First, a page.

Increasingly, Oldham said, employers want trainees to know more than how to do a single job — build a car part or make a particular kind of widget. Mechatronics, for instance, focuses on electrical and mechanical principles behinds the automated devices used in a variety of industries. Repairing those advanced manufacturing devices is a hot skill to have now.
By and large, it is companies that come to colleges seeking this kind of training program for their existing employees, said Reid Smalley, executive director of workforce development at Genesee Community College’s Business and Employment Skills Training center. He praised MCC’s advanced manufacturing training programs and said he’d like to do more in Batavia. But while the state provides grants for 60 percent of a company’s training cost for such programs, individuals can be out of luck. The grants aren’t available for them.
A GCC mechatronics program that can provide ready-to-hire status in just 18 months costs nearly $14,000 in tuition. State and federal college loan and grant programs aren’t available for that training, Smalley said, because the programs aren’t credit-bearing.
“That’s a lot of money to pull out of your wallet,” he said. “If there was funding for that, we’d be filling our mechatronics classes.”
Less expensive is GCC’s one-month diesel technician certification program offered in Avon, Livingston County, costing $4,800.
“You walk out with a credential and they’ve placed all those graduates so far,” Smalley said. While that amount of tuition may still be out of reach for some unemployed workers, Smalley said, “you’ve got to make the personal investment, take out the loan, or ask mom or dad.”
Affording the tuition for new training is just one piece of the puzzle, though.
“The unemployed people often don’t have the foundational skills — the math or the English skills,” Smalley said. “Getting them up to speed often takes quite a while to do. That’s always been a challenge.”
An eight-hour soft skills course isn’t going to be enough to turn around a person in poverty who dropped out of school, spent time in prison and has no job experience, Duffy said. Unfortunately, many of Rochester’s youth who drop out of high school follow that path. Rochester schools aren’t doing the region any favors with its low graduation rate, Duffy said.
“We have to start teaching principles of work and work ethic at a very young age,” he said, and if those lessons aren’t learned at home, they are perfect subject matter for elementary and secondary schools. “Several CEOs don’t care about education requirements. They say ‘just send me someone who will come to work every day, come on time, be ready to work and get along with other people and we’ll hire them.’”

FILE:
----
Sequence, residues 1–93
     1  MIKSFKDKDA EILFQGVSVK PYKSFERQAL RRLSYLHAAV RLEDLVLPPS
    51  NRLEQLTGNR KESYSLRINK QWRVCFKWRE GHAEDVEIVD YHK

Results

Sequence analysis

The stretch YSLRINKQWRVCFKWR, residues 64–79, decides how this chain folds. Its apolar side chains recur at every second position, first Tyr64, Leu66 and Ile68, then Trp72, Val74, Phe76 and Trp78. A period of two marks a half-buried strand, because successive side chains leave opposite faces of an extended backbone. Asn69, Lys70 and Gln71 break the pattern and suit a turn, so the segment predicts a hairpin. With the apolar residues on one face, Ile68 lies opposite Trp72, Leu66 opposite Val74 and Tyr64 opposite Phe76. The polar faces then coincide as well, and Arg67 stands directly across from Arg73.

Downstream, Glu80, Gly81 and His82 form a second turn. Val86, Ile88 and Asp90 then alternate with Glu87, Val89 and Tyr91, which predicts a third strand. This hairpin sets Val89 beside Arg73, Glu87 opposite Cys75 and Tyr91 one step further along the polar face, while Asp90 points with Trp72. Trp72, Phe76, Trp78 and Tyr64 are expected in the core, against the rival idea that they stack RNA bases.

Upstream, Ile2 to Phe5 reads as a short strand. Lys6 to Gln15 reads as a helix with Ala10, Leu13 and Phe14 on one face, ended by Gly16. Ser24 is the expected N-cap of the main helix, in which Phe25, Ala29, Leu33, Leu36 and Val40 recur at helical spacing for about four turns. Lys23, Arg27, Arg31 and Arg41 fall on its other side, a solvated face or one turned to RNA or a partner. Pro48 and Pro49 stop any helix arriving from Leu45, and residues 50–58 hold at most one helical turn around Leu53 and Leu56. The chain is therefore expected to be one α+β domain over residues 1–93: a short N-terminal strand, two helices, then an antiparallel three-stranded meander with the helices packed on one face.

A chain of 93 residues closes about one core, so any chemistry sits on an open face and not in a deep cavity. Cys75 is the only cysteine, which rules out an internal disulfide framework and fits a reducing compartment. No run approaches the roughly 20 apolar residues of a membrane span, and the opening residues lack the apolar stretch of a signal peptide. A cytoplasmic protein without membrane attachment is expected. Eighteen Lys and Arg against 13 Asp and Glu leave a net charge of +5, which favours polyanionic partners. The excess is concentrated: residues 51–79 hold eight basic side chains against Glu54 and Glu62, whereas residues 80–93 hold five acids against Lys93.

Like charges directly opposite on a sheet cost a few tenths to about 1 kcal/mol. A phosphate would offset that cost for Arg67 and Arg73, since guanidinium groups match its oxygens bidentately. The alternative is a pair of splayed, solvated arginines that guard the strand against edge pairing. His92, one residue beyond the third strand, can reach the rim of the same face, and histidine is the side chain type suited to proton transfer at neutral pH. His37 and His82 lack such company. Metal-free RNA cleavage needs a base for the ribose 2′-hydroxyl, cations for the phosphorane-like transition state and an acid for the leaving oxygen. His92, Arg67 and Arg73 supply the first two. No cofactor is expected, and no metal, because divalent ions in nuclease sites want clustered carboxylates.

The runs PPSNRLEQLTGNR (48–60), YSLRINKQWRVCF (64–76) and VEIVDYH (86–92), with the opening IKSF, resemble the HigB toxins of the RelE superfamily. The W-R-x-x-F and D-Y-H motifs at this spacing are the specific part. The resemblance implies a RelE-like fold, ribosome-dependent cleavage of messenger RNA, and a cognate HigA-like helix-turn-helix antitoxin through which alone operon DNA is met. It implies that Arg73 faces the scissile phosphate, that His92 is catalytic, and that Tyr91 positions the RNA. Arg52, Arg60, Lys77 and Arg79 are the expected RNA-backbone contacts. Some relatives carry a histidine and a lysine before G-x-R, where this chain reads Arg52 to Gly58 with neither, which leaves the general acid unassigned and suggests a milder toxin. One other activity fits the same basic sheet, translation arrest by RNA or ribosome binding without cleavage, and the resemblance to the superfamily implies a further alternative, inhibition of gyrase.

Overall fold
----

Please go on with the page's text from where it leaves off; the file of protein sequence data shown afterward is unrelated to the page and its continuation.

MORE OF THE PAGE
Mack said she hopes state funds can be directed in creative ways to make it easier for barriers to employment. It doesn’t help a person in a rural area, for example, to finish a job apprenticeship program if he or she doesn’t have a way to get to the job afterward. Funds should be made available for transportation, English classes or child care, she said.
Several years ago the dairy processing industry was expanding rapidly in the Batavia area and the BEST center created a number of short-term courses, from safe food handling practices to occupational safety classes to get workers trained to work in Greek yogurt plants.
“We ran that program. We couldn’t get people to enroll in it. We’re not quite sure why,” Smalley said. Perhaps some people were prescient; the much-heralded Quaker Mueller plant closed two-and-a-half years after opening. Now, however, Hood will be reopening the plant and plans to start recruiting food production staff in the second quarter of the year, Smalley said. They’ll be looking for GCC workforce training programs, too, he said.
“We have to take a step back and just look at how can we better align our workforce development efforts with the needs,” said Duffy, who also co-chairs the Finger Lakes Regional Economic Development Council. “Workforce development is a national issue. Communities around the country are struggling on this.”
He added, “We should be the leader on this.”